Because people are continuing to pursue weightlifting and resistance training later in life, there is an increased risk of developing hemorrhoids. The skin and tissues supporting the anus actually weaken and stretch as you age making the entire area more susceptible to vein dysfunction and swelling.

In addition to heavy lifting, other factors can increase your risk of hemorrhoids including straining during a bowel movement, standing or sitting for prolonged periods, obesity, and a low-fiber diet.

Symptoms of Hemorrhoids

Fortunately, many hemorrhoids aren’t even noticeable, especially if they are located internally. Sometimes, however, the hemorrhoids can prolapse and effectively pop out outside of the rectum. When this happens, you may experience mild to severe symptoms including:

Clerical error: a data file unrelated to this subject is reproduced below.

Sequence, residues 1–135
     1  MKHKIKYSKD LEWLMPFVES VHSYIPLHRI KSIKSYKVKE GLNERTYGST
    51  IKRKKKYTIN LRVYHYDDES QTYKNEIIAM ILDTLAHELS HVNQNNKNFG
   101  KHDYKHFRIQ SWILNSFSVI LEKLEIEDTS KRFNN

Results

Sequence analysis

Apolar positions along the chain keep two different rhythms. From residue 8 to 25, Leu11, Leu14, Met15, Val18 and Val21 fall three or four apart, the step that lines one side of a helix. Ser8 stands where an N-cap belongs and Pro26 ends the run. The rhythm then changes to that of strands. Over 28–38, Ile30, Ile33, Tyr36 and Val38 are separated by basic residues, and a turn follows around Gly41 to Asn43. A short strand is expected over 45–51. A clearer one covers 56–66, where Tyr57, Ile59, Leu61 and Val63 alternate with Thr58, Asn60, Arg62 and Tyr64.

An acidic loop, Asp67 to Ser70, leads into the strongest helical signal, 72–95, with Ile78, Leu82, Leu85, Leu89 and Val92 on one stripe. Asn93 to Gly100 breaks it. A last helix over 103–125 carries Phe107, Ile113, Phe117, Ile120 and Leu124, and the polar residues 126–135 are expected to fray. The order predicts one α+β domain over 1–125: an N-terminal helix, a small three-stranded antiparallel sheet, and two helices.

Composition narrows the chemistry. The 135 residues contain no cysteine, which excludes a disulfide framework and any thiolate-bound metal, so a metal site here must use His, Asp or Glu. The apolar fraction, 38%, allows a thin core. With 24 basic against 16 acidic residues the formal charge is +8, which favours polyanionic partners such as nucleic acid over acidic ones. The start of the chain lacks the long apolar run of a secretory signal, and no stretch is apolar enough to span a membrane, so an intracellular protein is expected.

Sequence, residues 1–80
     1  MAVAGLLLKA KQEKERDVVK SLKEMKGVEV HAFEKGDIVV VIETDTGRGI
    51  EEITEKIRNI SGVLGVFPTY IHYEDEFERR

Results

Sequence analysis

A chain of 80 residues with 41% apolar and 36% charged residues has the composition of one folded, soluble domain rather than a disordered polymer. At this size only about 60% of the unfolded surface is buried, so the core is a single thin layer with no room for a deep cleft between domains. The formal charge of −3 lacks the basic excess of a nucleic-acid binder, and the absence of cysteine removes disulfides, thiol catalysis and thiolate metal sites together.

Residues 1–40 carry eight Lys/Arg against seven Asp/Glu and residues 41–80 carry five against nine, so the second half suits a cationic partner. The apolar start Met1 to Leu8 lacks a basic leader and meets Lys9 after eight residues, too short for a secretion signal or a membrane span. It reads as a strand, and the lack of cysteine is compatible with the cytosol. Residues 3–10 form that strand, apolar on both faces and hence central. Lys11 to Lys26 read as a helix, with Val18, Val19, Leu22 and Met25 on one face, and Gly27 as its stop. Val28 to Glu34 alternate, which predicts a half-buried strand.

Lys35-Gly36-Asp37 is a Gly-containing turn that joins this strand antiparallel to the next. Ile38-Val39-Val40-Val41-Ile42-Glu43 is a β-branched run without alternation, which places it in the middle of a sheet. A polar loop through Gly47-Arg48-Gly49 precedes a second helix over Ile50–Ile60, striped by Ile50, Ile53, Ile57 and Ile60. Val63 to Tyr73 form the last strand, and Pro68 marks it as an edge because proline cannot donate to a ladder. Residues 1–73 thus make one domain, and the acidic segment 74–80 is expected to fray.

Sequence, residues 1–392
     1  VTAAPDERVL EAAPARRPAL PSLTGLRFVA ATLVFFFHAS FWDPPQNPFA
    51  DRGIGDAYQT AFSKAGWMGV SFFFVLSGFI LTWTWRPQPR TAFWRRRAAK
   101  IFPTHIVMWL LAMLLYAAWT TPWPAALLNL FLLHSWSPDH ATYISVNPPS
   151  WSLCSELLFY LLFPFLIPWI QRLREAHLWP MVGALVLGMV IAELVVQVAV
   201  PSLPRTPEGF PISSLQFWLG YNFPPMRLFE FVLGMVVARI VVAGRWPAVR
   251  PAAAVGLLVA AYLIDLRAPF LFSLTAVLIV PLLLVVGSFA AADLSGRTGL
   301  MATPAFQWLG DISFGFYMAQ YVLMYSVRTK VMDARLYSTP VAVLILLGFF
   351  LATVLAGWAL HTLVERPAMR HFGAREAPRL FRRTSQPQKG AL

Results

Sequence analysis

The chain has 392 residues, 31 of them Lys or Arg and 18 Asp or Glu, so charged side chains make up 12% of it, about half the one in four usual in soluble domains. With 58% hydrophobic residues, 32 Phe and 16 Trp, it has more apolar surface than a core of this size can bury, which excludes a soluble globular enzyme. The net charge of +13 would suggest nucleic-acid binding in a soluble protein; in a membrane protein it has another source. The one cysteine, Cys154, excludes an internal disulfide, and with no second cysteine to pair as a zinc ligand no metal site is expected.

• Bleeding during bowel movements – typically painless, you may notice red blood in the toilet or on your toilet tissue
  • Swelling, pain, and discomfort in and around your anus
  • Irritation and an itchy feeling around the anal region
  • A sensitive or painful lump protruding from the anal area

Occasionally, a clot can form in the blood that is pooled in the swollen vein. This is known as a thrombosed hemorrhoid and while not life-threatening, these can be extremely painful and result in severe swelling and a hard lump near your anus.

Treating Hemorrhoids

In most cases, hemorrhoids will actually go away on their own with simple home treatments and temporary lifestyle changes. If extreme strain from weightlifting resulted in a hemorrhoid, your doctor may recommend you avoid any similar strength training activities until the hemorrhoids have healed.

weslo cadence g 5.9 treadmill